Second, the Supreme Court embraced “transformative use,” which emphasizes the fair use test’s first factor, as the predominant standard for determining fair use. The transformative use standard, proposed by Judge Pierre Leval43 and adopted by the Supreme Court in Campbell,44 asks whether the accused work is “transformative” in the sense that it does not “merely ‘supersede[] the objects’” of the original work, but instead “adds something new, with a further purpose or different character, altering the first with new expression, meaning, or message.45 Although transformative use is “not absolutely necessary for a finding of fair use,” it lies “at the heart of the fair use doctrine’s guarantee of breathing space within the confines of copyright.”46 Consequently, “the more transformative the new work, the less will be the significance of other factors, like commercialism, that may weigh against a finding of fair use.”47

Since its adoption, the transformative use standard has come to dominate fair use analysis. Indeed, fair use determinations almost always turn on whether the defendant’s use was transformative. In a survey of all copyright decisions reported between 2006 and 2010, Neil Netanel finds that 85.5 percent of all district court opinions and 93.75 percent of all appellate opinions applied the transformative use standard in deciding whether the accused work was fair use.48 The only appellate-court decision not to apply the transformative use standard was an unpublished opinion in which the defendant “relied exclusively on the fourth factor in its brief.”49 Netanel’s findings update earlier studies, which document a significant but smaller shift toward transformative use before 2006.50

Transformative use’s dominance is readily apparent from courts’ willingness to overlook the other fair use factors once they have held that a work is transformative. For example, the Second and Fourth Circuits have explained that the second factor, which considers the nature of the copyrighted work, “may be of limited usefulness where the creative work of art is being used for a transformative purpose.”51 Likewise, in Author’s Guild, Inc. v. HathiTrust,52 the Second Circuit held that the significance of the third factor, like the second factor, depends on the extent to which the accused work is transformative. “For some purposes, it may be necessary to copy the entire copyrighted work, in which case [the amount and substantiality of the portion used] does not weigh against a finding of fair use.”53 And in Perfect 10, Inc. v., Inc.,54 the Ninth Circuit found, in addressing the fourth factor, which considers the accused work’s effect on the market for the copyrighted work, that “Google’s use of thumbnails for search engine purposes is highly transformative, and so market harm cannot be presumed.”55

Attitudes over transformative use have shifted dramatically with its development. Over time, many commentators have recognized that the standard provides a flexible, predictable, and robust defense, protecting even exact copies.56 Recently, copyright expansionists have begun to criticize the transformative use standard as uncertain, even though they once relied on the standard’s purported robustness to argue in favor of further strengthening copyright protections.57 Copyright restrictionists, for their part, have executed a similar about-face.58 Given these developments, the recent opposition to transformative use is all the more surprising.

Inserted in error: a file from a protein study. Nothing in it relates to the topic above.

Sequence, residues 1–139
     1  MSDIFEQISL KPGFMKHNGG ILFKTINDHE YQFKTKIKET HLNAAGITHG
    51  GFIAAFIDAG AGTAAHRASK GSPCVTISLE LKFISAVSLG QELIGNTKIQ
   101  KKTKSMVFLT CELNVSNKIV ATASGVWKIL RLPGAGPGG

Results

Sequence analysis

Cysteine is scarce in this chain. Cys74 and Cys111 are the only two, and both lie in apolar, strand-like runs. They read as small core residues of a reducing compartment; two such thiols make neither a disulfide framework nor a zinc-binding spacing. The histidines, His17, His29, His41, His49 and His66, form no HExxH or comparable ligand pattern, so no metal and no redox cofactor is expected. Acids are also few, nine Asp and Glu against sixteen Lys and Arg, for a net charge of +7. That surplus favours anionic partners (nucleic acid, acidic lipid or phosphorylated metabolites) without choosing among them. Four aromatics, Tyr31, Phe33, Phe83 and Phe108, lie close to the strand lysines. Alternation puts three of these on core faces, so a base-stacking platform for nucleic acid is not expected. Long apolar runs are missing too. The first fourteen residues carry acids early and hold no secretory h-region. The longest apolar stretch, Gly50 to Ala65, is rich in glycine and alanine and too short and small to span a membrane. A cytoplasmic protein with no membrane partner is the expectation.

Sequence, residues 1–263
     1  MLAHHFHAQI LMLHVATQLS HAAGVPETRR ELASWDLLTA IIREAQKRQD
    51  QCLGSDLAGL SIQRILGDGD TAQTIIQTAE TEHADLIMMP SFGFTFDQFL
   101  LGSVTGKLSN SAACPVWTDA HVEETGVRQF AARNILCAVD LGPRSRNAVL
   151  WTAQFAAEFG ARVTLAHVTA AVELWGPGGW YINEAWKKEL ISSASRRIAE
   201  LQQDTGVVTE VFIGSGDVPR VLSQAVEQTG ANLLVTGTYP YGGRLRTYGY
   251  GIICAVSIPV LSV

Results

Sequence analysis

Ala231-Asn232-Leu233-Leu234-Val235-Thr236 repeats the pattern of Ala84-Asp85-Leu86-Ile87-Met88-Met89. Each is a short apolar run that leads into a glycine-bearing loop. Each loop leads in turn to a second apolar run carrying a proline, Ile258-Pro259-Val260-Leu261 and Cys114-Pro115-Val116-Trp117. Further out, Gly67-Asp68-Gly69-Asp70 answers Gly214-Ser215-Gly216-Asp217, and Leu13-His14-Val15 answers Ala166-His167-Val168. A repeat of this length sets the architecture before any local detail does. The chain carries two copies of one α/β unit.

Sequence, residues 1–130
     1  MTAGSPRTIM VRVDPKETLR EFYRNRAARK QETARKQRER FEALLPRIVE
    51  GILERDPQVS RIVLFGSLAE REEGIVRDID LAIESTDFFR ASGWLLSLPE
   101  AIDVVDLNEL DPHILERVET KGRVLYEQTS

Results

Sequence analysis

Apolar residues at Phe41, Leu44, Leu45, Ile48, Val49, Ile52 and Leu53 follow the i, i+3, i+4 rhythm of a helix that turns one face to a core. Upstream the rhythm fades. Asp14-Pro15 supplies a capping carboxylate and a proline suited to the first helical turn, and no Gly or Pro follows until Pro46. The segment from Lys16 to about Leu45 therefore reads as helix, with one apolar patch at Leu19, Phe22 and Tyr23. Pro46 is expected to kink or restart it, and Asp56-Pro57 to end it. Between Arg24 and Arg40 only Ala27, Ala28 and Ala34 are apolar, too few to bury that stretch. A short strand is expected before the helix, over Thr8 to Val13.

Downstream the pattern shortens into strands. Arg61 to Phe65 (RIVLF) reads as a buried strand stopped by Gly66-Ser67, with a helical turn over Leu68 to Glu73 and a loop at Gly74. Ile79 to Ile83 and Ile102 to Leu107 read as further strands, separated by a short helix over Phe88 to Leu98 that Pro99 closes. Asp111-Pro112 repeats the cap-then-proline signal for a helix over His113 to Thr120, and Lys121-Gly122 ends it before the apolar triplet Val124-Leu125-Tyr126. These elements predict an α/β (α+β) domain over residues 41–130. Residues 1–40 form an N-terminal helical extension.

B. Fair Use and Intentionalism

Despite transformative use’s success, neither the Supreme Court nor lower courts have offered a defense of transformative use’s intentionalism. “Transformativeness” is an ambiguous concept, capable of being understood in one of two ways. Courts may determine “transformativeness” either by measuring differences between the defendant’s and copyright holder’s intentions or by measuring differences in the accused and copyrighted works’ content.

Generally, transformative use determinations turn on intentions, rather than content. For example, Anthony Reese concludes that courts are much more likely to find the defendant’s use transformative based on her intentions rather than the accused work’s content.59 This conclusion holds across jurisdictions and categories of art.60 Indeed, Reese finds, “in all of the cases where transformativeness was found based on the defendant’s transformative purpose, the opinion’s ultimate conclusion was that the use was, or was likely to be, fair.”61

Significantly, courts generally hold that the defendant’s use is transformative if she intends to transform the copyrighted work, even if she does not alter that work’s content.62 For example, in Castle Rock Entertainment, Inc. v. Carol Publishing Group, Inc.,63 the Second Circuit concluded that a defendant’s work “need not necessarily transform the original work’s expression to have a transformative purpose,”64 so long as the defendant intends to transform the copyrighted work.65

Nevertheless, courts have not attempted to defend transformative use’s elevation of the defendant’s intentions over the accused work’s content. In Castle Rock Entertainment and similar cases, courts have treated the relative importance of the defendant’s intentions as the necessary consequence of fair use principles.66 Yet, that assumption is not obvious.67 In theory, either the defendant’s intentions or the accused work’s content could supply the basis for a finding of transformativeness. As Parts II and III demonstrate, anti-intentionalist arguments against transformative use challenge that assumption. Furthermore, recent developments suggest that as these arguments gain traction, intentionalism’s hold on transformative use may be slipping.68

C. Transformative Use Meets Appropriation Art